The Herald - - OPINION -


David Miliband has said his re­la­tion­ship with brother Ed is “heal­ing” in the wake of their bit­ter bat­tle for the Labour lead­er­ship. The for­mer for­eign sec­re­tary ad­mit­ted he would “never erase” the mem­ory of his de­feat in 2010. But he said there was no point “look­ing in the rear view mir­ror”, and leav­ing Bri­tish pol­i­tics would end the “soap opera” – though he did not rule out a come­back. In a TV in­ter­view, the ex-mp said he was “ex­cited” to be mov­ing to New York to head up the In­ter­na­tional Res­cue Com­mit­tee char­ity.


Min­is­ters plan to change the al­co­hol li­cens­ing leg­is­la­tion fol­low­ing fears that crim­i­nals could be granted li­cences be­cause of a loop­hole in the law. How­ever, thou­sands of ap­pli­ca­tions for pubs and off-li­cences have al­ready gone through the po­lice vet­ting process which of­fi­cers say is flawed. The fear is that some li­cences may al­ready have been given to peo­ple deemed un­suit­able by the po­lice. Un­der the 2005 Li­cens­ing Act, chief con­sta­bles lost the right to ob­ject on the grounds that the ap­pli­cant was not a fit and proper per­son.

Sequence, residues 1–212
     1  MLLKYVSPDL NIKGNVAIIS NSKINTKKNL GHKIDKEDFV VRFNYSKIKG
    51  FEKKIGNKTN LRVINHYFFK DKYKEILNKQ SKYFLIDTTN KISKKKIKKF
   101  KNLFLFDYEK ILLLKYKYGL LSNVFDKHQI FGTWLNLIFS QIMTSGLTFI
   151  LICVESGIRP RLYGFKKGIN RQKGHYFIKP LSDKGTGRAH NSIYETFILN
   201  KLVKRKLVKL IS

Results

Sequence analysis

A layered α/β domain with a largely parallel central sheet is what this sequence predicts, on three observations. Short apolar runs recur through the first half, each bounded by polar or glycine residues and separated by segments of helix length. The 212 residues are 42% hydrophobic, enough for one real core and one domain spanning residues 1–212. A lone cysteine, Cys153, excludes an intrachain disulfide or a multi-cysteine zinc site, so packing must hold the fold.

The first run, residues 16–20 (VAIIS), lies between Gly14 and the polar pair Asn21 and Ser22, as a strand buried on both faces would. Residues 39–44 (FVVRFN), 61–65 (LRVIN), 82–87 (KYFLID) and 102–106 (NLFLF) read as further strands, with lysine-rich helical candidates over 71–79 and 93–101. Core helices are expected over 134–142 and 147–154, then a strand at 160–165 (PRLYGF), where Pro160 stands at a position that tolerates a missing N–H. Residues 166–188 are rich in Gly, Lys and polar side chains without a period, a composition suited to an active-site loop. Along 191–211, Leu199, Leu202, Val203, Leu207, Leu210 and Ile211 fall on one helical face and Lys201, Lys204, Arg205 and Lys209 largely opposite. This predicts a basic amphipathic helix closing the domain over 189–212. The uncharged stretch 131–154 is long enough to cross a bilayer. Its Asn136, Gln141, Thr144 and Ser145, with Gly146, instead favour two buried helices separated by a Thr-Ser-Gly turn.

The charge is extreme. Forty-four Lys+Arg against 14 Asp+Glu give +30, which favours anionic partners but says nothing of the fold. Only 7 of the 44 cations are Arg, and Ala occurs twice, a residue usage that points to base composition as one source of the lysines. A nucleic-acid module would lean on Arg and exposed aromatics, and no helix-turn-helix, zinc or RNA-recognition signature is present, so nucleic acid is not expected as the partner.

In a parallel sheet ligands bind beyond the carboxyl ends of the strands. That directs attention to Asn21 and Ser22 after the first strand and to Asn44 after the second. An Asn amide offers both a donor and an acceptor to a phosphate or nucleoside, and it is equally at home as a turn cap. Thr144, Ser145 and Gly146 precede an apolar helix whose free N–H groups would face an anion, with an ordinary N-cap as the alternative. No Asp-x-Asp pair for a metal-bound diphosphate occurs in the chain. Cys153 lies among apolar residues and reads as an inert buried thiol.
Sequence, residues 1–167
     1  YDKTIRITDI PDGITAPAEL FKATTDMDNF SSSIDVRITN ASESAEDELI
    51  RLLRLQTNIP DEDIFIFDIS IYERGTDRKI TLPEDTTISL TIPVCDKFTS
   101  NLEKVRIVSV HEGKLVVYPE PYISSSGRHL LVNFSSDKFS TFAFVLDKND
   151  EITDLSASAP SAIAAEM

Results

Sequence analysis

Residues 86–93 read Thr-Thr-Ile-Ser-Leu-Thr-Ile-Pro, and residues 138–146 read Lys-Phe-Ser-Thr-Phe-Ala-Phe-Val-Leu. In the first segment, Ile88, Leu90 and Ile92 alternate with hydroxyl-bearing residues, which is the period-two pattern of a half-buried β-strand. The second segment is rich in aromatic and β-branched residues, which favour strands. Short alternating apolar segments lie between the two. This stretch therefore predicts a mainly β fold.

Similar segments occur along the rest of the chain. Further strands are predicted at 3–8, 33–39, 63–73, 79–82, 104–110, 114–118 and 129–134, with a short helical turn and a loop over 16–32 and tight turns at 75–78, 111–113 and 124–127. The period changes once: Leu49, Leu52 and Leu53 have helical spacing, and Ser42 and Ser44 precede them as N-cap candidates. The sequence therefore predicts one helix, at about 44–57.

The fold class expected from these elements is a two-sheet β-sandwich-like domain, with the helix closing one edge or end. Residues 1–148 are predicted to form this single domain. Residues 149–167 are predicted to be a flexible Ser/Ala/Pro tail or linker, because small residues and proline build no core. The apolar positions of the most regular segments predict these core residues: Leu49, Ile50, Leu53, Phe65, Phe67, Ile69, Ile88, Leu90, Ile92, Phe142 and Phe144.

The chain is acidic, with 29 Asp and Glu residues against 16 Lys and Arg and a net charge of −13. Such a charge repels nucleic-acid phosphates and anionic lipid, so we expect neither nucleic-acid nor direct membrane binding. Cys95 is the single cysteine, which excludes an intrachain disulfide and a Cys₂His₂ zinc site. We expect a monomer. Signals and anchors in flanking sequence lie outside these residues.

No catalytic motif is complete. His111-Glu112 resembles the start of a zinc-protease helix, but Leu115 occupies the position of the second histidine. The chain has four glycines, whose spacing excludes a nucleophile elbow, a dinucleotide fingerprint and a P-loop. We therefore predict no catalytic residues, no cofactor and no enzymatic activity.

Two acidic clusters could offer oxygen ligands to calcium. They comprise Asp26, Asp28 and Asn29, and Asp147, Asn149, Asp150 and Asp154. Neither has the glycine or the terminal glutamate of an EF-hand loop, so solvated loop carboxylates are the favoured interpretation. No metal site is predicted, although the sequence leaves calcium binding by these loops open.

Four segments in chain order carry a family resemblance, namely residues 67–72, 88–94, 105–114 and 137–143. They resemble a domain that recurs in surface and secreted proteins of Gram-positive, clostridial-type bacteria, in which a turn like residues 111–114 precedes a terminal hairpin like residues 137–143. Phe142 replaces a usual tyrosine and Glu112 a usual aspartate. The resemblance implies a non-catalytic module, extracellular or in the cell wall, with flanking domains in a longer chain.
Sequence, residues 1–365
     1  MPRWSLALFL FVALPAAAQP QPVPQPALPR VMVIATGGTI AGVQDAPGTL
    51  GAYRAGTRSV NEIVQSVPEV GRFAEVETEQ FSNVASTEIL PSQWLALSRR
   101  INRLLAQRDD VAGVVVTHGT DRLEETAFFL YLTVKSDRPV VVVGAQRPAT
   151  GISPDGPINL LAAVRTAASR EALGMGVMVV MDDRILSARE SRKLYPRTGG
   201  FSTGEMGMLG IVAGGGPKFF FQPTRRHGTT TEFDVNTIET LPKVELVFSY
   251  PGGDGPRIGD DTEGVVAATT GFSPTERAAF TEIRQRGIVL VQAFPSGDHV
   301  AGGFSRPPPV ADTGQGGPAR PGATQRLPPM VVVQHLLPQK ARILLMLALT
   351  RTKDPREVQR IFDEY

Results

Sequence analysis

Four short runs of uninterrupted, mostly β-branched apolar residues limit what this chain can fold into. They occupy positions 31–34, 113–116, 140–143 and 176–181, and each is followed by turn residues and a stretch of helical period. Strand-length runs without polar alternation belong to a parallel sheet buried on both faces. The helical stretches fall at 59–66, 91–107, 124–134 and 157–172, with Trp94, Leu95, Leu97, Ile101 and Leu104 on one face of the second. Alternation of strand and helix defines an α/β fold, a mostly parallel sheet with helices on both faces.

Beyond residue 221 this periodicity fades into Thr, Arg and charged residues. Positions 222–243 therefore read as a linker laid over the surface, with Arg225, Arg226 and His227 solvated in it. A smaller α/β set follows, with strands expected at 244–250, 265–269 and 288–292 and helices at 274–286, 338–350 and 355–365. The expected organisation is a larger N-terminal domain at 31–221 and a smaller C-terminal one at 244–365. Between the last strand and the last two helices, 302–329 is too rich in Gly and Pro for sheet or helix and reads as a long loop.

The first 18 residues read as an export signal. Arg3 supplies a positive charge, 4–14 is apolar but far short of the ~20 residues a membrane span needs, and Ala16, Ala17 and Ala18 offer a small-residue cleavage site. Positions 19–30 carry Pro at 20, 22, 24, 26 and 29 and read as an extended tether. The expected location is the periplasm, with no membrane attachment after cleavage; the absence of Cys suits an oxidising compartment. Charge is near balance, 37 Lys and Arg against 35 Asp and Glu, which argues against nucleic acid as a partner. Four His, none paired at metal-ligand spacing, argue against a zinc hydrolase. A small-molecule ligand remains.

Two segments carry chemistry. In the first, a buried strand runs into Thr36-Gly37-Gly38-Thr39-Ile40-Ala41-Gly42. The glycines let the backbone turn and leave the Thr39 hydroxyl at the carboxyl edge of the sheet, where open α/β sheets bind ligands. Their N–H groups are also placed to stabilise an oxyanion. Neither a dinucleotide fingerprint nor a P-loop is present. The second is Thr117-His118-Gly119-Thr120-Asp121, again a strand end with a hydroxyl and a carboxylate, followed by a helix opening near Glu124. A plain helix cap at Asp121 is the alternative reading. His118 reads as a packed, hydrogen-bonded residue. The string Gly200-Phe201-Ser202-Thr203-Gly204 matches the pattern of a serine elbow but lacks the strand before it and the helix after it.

The Govern­ment is to ask the pri­vate sec­tor to take on the west coast main line’s ur­gently needed £500m in­fra­struc­ture over­haul, Trans­port Min­is­ter Roger Free­man an­nounced yesterday. He has ap­pointed Ham­bros Bank Ltd to ex­am­ine the pos­si­bil­ity of a for­mula which would al­low pri­vate con­sor­tia to un­der­take the work. It would be the first time pri­vate com­pa­nies had been in­vited to pay for in­fra­struc­ture work since na­tion­al­i­sa­tion in 1948. The line, which links Lon­don with Glas­gow, has been de­scribed by man­agers as on the verge of “cat­a­strophic fail­ure.”

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